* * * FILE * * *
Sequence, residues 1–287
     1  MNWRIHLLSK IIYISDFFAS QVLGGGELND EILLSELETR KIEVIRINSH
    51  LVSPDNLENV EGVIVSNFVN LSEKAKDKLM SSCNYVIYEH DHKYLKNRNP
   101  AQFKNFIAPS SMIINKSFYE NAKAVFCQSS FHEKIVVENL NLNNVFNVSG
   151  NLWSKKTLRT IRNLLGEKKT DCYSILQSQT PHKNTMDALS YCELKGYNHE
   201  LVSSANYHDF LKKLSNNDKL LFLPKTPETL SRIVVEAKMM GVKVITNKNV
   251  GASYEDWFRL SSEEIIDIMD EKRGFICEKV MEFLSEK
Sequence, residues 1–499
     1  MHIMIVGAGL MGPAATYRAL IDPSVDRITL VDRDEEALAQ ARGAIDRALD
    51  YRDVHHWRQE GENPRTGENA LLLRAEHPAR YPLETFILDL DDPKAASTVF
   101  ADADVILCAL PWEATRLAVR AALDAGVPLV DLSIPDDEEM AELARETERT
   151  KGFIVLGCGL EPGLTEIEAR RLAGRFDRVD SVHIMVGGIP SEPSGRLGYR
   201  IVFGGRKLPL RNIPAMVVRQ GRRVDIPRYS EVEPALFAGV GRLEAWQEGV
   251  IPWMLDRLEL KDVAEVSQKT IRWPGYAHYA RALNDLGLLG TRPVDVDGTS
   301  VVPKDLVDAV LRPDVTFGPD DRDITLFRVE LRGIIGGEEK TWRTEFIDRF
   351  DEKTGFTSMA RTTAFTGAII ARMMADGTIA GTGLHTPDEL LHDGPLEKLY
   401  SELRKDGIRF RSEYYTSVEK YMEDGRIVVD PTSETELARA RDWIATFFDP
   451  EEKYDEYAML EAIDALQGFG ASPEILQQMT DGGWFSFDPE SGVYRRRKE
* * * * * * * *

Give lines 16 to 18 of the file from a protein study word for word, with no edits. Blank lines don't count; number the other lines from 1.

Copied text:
   351  DEKTGFTSMA RTTAFTGAII ARMMADGTIA GTGLHTPDEL LHDGPLEKLY
   401  SELRKDGIRF RSEYYTSVEK YMEDGRIVVD PTSETELARA RDWIATFFDP
   451  EEKYDEYAML EAIDALQGFG ASPEILQQMT DGGWFSFDPE SGVYRRRKE